Conclusion: MON 810 maize seems to be as safe as the conventional maize lines.

Open access

Bekir Oguz, Nalan Ozdal, Ozlem Orunc Kilinc and M. Serdar Deger

Abstract

Introduction: Echinococcus granulosus is a zoonotic helminth of the Taeniidae family living in the small intestines of dogs. The hydatid cyst, which is the larval form of this parasite, is observed in sheep, goat, cattle, and many other organisms including humans. It causes a disease called cystic echinococcosis. Identification of strains of E. granulosus in dogs is critical in parasite control and eradication where possible. This study aims to determine the genotype of E. granulosus eggs and prevalence of this parasite in the faeces of dogs in the Van Province using the copro-PCR method.

Material and Methods: This study was conducted between 2015 and 2016 on the faeces obtained from 100 stray dogs from different parts of the Van Province. The coprological examination was conducted using the formalin-ether concentration method.

Results: Taeniidae eggs were found in 10 (10%) out of 100 faecal samples. E. granulosus was detected in 4 out of 10 of these (40%) infected samples. Sequence analysis of positive amplicons obtained from PCR showed that there were sheep strains (G1).

Conclusion: Dogs in Van area are primarily infected with the livestock genotype of E. granulosus, which is thought to be a potential zoonotic threat to humans.

Open access

Mehmet Cemal Adiguzel, Belgi Diren Sigirci, Baran Celik, Beren Basaran Kahraman, Kemal Metiner, Serkan Ikiz, A. Funda Bagcigil, Seyyal Ak and N. Yakut Ozgur

Abstract

Introduction: The study aimed to isolate thermophilic Campylobacter from chickens raised three rearing methods, determine its antimicrobial susceptibilities, and examine resistance-related genes by PCR.

Material and Methods: Cloacal swabs or intestinal contents were taken in Istanbul, Sakarya, and Izmir provinces. Chickens were from small village-based family-run businesses (n = 70), organically raised (n = 71), and conventionally raised broilers (n = 79). The samples were cultured on modified charcoal cefoperazone desoxycholate (mCCD) agar. Suspect isolates were identified with multiplex PCR (mPCR). As per EUCAST standards, MIC values were derived by broth microdilution for tetracycline, ciprofloxacin, nalidixic acid, kanamycin, gentamicin, and erythromycin in isolates of C. jejuni (n = 98) and C. coli (n = 83).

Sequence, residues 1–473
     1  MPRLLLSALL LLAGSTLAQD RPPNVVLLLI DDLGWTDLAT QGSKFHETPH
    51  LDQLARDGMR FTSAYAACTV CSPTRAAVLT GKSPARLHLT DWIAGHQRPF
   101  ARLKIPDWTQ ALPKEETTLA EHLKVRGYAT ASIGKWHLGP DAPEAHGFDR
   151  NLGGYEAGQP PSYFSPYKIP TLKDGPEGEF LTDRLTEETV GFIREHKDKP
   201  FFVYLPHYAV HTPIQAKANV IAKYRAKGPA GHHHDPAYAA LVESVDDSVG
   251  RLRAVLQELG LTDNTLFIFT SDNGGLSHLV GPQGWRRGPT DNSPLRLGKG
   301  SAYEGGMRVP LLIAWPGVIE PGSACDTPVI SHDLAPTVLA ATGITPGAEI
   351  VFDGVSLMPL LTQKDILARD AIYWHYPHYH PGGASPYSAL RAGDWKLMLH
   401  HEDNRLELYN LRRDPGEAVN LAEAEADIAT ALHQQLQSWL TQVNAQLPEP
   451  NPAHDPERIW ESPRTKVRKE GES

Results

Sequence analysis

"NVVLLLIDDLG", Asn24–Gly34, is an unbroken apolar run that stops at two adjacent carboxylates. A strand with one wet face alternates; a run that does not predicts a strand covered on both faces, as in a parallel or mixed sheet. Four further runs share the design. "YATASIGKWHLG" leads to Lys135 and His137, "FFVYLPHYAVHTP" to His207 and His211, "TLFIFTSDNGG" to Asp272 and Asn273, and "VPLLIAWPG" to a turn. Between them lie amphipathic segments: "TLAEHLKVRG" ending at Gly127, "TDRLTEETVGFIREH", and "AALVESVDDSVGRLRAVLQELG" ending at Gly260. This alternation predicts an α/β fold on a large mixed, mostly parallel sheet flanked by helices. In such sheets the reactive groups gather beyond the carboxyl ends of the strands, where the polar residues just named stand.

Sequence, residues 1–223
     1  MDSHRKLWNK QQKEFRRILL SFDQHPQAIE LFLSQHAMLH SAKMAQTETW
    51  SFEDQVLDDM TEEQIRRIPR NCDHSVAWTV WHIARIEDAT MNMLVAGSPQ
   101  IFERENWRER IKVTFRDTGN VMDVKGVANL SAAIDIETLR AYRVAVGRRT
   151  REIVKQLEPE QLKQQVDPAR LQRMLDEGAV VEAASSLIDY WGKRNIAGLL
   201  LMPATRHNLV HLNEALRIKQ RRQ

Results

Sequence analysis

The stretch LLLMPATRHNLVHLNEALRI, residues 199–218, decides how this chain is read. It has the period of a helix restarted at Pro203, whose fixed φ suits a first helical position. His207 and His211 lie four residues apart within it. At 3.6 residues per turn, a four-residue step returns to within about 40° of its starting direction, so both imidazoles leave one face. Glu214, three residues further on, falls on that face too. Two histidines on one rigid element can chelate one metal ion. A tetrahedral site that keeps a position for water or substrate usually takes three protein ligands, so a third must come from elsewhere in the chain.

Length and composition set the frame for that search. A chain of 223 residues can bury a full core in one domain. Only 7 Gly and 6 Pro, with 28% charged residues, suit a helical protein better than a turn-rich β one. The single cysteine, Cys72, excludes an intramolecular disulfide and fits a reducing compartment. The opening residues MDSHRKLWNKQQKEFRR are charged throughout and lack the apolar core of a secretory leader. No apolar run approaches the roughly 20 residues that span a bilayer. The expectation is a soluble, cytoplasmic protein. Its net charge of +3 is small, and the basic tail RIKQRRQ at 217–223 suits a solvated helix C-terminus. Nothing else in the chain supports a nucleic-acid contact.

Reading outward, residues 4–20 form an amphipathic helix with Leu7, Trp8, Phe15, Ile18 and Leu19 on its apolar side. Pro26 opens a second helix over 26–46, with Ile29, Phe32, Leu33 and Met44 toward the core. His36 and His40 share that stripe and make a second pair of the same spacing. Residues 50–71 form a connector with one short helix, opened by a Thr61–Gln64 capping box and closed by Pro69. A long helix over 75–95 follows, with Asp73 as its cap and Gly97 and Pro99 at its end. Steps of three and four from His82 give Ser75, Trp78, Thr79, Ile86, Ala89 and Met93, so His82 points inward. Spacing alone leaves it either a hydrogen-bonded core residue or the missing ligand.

Results: In C. jejuni, 78.6% tetracycline, 87.8% ciprofloxacin, and 81.6% nalidixic acid resistance was detected, but none was to kanamycin, gentamicin, or erythromycin. In C. coli, 98.8% ciprofloxacin and 63.9% nalidixic acid resistance was detected, whereas resistance to nonquinolones was not observed. C257T (Thr-86-Ile) mutation in the gyrA gene of all phenotypically quinolone-resistant isolates was detected through a mismatch amplification mutation assay PCR (MAMA-PCR). It emerged that all isolates bore the tet (O) resistance gene.

Conclusion: Common tetracycline, nalidixic acid, and ciprofloxacin resistance exists in Campylobacter isolated from chickens raised three rearing methods.

Open access

Hanna Czekaj, Wojciech Kozdruń, Natalia Styś-Fijoł, Jowita Samanta Niczyporuk and Karolina Piekarska

Abstract

Introduction: Avian reovirus (ARV) infections in poultry populations are reported worldwide. The reovirus belongs to the genus Orthoreovirus, family Reoviridae. The aim of the study was to evaluate the incidence of ARV infections in the poultry population based on diagnostic tests performed in 2010–2017.

Material and Methods: Samples of the liver and spleen were collected from sick birds suspected of ARV infection and sent for diagnostics. Isolation was performed in 5–7-day-old SPF chicken embryos infected into the yolk sac with homogenates of internal organs of sick birds. Four primer pairs were used to detect the σNS, σC, σA, and µA ARV RNA gene fragments. A nested PCR was used for the detection of the σNS and σC genes.

Results: In 2010–2017, ARV infection was found in birds from 81 flocks of broiler chickens and/or layers, 8 flocks of slaughter turkeys, and in 4 hatchery embryos at 17–20 days of incubation. The primers used in RT-PCR and nested PCR did not allow effective detection of ARV RNA in all virus-positive samples.

Conclusion: The problem of ARV infections in the poultry population in Poland still persist. The primers used for various ARV segments in RT-PCR and nested PCR did not allow effective detection of RNA in the visceral organs of sick birds. The presented results confirm the necessity of using classical diagnostic methods (isolation in chicken embryos, AGID).